The possibility to predict how game states will change due to actions or events.
When players can understand how actions and events affect the game state of a game, those actions and events have Predictable Consequences. This does not mean that players can predict everything that will happen - a game can have Predictable Consequences without players being able to exactly predict what action is going to be performed or what effects an action can have in the long term. A game can also be predictable in another sense if players can anticipate the set of possible actions other players can perform, and actions can be predictable if players can imagine the set of possible future game states their effects can produce.
- 1 Examples
- 2 Using the pattern
- 3 Consequences
- 4 Relations
- 5 History
- 6 References
- 7 Acknowledgements
The actions in Chess and Go have completely Predictable Consequences since the effects of them are completely predetermined and knowledgeable for those with an understanding of the game rules. This does not mean that the outcome of actions are predictable for more than a few more though, as the number of possibilities quickly become too large to explore and one cannot be sure of what actions one's opponent will make. Even so, skilled players can predict opponents' actions to a high degree and planning many actions ahead based upon this.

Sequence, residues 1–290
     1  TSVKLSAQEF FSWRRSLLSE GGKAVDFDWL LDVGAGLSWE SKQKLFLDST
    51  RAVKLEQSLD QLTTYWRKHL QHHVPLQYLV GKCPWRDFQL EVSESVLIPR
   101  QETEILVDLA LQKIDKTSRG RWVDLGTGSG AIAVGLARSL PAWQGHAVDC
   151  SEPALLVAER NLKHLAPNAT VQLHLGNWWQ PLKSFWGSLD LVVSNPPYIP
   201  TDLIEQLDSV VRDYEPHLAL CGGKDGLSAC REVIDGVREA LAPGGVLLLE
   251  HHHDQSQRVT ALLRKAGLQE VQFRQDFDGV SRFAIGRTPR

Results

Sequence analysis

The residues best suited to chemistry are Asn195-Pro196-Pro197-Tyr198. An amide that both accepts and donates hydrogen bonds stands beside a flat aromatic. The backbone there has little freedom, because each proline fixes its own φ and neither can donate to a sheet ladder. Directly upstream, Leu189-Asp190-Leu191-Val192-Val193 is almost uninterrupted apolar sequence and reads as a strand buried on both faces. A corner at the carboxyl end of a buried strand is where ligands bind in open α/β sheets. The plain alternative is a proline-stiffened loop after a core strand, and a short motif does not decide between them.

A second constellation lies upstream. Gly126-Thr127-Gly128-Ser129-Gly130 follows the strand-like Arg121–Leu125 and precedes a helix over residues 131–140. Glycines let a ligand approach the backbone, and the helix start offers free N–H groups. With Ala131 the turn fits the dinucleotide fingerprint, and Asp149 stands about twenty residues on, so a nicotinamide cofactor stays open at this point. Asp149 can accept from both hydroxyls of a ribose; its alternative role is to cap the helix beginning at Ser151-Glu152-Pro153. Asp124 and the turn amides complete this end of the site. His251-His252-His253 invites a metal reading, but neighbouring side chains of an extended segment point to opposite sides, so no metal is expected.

The actions in multiplayer versions of First-Person Shooters such as the Quake series or the Team Fortress series often contain no elements of chance and thereby have totally Predictable Consequences. However, being able to perform these actions is not easy since one has to anticipate other players' actions and these actions often have the intention of disrupting the player.
By seeding the stacks of cards used in them with specific cards, both Pandemic and Thunderstone can guarantee that these specific cards will be drawn at approximately the same gameplay moments although the players cannot be sure exactly when this will happen.